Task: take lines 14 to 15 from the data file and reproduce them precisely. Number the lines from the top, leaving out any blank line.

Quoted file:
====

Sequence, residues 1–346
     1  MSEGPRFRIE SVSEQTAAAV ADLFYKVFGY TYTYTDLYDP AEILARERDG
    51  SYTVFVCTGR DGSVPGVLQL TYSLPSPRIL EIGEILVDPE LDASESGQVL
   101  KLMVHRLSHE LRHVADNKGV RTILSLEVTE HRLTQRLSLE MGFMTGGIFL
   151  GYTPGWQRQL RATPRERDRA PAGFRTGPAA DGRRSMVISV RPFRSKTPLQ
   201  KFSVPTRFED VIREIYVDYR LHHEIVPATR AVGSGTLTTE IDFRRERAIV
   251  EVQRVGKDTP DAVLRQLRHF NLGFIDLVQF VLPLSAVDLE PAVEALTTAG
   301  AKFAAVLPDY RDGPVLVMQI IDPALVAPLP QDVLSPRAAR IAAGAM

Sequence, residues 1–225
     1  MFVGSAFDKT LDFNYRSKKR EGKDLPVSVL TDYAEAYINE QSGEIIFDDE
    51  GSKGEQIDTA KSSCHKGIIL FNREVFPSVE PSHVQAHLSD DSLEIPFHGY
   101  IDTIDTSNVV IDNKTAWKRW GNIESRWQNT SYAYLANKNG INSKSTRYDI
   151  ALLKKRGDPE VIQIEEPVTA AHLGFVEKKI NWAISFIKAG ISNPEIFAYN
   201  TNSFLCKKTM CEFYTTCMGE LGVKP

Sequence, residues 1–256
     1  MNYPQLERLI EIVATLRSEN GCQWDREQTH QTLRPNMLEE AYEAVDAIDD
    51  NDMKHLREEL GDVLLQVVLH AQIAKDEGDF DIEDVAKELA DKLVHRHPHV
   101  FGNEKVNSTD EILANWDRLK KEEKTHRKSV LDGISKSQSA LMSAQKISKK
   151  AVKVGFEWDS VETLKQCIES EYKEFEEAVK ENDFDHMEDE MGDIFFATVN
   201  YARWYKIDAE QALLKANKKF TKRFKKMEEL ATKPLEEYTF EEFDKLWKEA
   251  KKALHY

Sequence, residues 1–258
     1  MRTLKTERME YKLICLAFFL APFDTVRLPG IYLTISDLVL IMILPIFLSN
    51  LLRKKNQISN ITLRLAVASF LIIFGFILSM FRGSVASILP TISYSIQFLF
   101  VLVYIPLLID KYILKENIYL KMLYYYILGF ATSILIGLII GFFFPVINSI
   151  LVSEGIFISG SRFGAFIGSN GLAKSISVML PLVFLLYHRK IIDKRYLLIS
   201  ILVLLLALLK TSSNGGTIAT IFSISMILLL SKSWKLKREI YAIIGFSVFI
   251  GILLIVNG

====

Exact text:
   201  TNSFLCKKTM CEFYTTCMGE LGVKP

Sequence, residues 1–256